Probe into Indian trust fund ouster expands
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A leading Senator is calling for an investigation into the ouster of the Department of Interior's top Indian trust official, a probe that threatens to expose White House political involvement in litigation affecting billions of dollars in government mismanagement.

Sen. John McCain (R-Ariz.) said Tom Slonaker's departure as Special Trustee for American Indians was a "troubling" development in the ongoing trust fund scandal. "I intend to seek additional congressional review to investigate further the implications of Mr. Slonaker's resignation," he wrote in a letter to Secretary Gale Norton.

In another letter to Sen. Daniel Inouye (D-Hawaii), the chairman of the Senate Indian Affairs Committee, called for an immediate hearing. "I am certain you will appreciate the serious nature of this continuing problem and the need for review of these recent events," he wrote.

The request by McCain, a member and former chairman of the Indian panel, came as attorneys for Indian account holders expanded a probe of their own into the debacle. Keith Harper of the Native American Rights Fund issued subpoenas to five Bush administration officials and attorneys he said took part in Slonaker's surprise ouster last week.

Norton, Deputy Secretary J. Steven Griles, two Department of Justice attorneys and a White House lawyer who provides advice to President Bush were asked to report to depositions August 30 at the NARF office in Washington, D.C. Ross Swimmer, a former assistant secretary who has taken over a number of Slonaker's old duties, is also being sought, said Harper.

The developments were the latest since Slonaker said he was forced out after a rocky year in Indian trust. He told Indianz.Com in an interview that Norton, Griles and Brian Waidmann, Norton's chief of staff, took part in a Tuesday afternoon meeting when the bad news was given.

"I was asked to leave," Slonaker said.

The blunt directive occurred just days after Slonaker bristled with Department of Justice and White House attorneys over testimony he was to provide to Congress. The Indian committee sought his views on the Bush administration's proposal to account for funds owed to more than 500,000 Indian beneficiaries.

"They took exception to what a lot of what I was planning to say in the written testimony," he said of the government attorneys. "Two-thirds of the document was stricken."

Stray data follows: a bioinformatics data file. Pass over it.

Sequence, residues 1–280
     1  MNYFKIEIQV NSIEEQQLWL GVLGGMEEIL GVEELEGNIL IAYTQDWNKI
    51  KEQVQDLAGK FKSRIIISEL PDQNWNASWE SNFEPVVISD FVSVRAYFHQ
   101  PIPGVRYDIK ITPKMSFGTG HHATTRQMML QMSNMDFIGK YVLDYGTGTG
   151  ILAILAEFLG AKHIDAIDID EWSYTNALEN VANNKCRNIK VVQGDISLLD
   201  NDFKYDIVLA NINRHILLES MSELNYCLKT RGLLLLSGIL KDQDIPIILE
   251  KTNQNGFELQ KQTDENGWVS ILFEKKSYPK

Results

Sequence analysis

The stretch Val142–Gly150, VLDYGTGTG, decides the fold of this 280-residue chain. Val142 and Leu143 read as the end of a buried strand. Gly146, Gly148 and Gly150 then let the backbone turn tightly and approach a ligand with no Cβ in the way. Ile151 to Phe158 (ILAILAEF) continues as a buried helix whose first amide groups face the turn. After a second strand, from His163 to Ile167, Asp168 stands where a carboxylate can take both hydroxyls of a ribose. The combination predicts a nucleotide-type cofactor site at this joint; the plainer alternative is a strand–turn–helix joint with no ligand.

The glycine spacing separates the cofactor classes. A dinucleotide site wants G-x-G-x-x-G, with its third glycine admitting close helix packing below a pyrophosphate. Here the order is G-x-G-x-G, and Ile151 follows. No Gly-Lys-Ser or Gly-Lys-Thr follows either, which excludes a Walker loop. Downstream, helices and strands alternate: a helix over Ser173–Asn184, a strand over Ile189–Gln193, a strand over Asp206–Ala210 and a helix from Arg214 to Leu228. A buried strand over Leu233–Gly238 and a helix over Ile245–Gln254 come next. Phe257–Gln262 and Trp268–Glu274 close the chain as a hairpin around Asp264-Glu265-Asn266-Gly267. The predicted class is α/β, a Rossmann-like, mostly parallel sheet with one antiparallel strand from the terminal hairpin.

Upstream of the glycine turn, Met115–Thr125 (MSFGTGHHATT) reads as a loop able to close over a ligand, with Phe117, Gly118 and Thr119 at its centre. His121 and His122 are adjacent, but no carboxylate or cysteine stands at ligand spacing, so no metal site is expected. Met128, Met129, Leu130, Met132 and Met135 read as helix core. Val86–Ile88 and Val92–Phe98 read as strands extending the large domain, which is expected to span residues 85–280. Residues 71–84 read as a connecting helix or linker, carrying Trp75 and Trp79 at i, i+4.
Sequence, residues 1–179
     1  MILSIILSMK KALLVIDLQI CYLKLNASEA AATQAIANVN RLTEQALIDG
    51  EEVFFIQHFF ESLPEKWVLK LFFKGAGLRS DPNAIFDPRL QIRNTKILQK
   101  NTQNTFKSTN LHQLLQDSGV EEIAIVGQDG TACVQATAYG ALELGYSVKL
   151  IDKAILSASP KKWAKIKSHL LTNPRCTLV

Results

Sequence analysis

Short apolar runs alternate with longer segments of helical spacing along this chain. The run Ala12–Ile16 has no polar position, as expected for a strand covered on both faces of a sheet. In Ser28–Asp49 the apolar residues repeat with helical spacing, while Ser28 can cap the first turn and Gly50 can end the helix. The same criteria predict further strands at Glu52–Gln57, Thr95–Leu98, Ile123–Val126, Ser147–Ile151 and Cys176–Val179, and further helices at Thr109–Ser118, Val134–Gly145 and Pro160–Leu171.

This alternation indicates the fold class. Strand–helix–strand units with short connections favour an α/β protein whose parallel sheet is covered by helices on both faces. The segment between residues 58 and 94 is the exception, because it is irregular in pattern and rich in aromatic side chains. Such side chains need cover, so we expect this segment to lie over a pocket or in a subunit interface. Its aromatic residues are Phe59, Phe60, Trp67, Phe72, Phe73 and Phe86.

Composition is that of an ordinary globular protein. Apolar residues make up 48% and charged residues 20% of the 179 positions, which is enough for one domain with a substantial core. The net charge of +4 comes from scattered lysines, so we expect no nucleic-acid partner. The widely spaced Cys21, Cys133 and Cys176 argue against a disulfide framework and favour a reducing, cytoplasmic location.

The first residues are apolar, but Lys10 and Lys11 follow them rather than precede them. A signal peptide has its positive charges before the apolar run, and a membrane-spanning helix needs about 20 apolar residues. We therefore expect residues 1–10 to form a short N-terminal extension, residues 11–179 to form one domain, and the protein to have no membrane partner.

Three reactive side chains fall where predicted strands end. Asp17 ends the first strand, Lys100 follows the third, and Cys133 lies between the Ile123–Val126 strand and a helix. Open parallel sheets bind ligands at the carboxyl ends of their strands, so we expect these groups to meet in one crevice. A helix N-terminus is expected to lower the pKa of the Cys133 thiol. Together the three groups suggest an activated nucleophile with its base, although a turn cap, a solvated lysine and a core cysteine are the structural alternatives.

Slonaker appeared before the committee -- with the department's support, he stated -- and gave a less than glowing assessment of the accounting plan. He suggested that his views contradicted the government's position on more than 20 lawsuits citing trust asset mismanagement.

"I think Justice may take a pretty strict view of what can help or harm their case," he said.

Slonaker last week could not recall the names of the attorneys who took part in the the tele-conference call, which he said occurred around 6:30 p.m. on July 24. Harper, in the subpoenas, identified the group as Kelly Johnson and Jeffrey Clark of the Department of Justice and Kyle Sampson of the White House.

"If you're calling about Kelly and Jeff asking Tom Slonaker not to testify," said Dana Perino, a DOJ spokesperson, "they did not."

Due to the ongoing Cobell class action, which affects individual Indian beneficiaries, and several related tribal cases, government sources said it wasn't unusual that both the DOJ and the White House were concerned about Slonaker's testimony. They said DOJ attorneys often consult the White House on litigation.

Johnson and Clark are mid-level Bush appointees to the environmental and natural resources division, which used to represent Norton in the Cobell case before she fired them last fall. The division, however, has been assigned to the tribal cases U.S. District Judge Lamberth has agreed to hear.

Sampson is a former aide to conservative Sen. Orrin Hatch (R-Utah), the ranking member of the Senate Judiciary Committee. Previously employed by the Salt Lake City firm of Parr, Waddoups, Brown, Gee & Loveless, he advises Bush on a number of matters, including political appointees and environmental-related litigation.

"All day he sits in the Oval Office and makes the tough decisions," Sampson told The Deseret News on July 17. "You know they're the tough ones or they wouldn't make it to the Oval Office."

A second White House lawyer also participated in the conference call but the person's identity has not be ascertained. Slonaker said a member of the Interior's legislative staff took part as well.

Since Congress is on a one-month recess, McCain's request for a hearing will be delayed. The House Resources Committee is considering taking action, said sources there.

McCain Letters on Slonaker Resignation:
McCain to Norton (8/2) | McCain to Inouye (8/2)

Relevant Links:
Indian Trust, Department of Interior -
Indian Trust: Cobell v. Norton -
Trust Reform, NCAI -

Related Stories:
Editorial: What Norton doesn't want to hear (8/5)
Slonaker: Gale Norton 'has no clothes' (8/1)
Slonaker cites White House pressure (7/31)
'He did the best he could' (7/31)
Slonaker leaves Bush administration (7/30)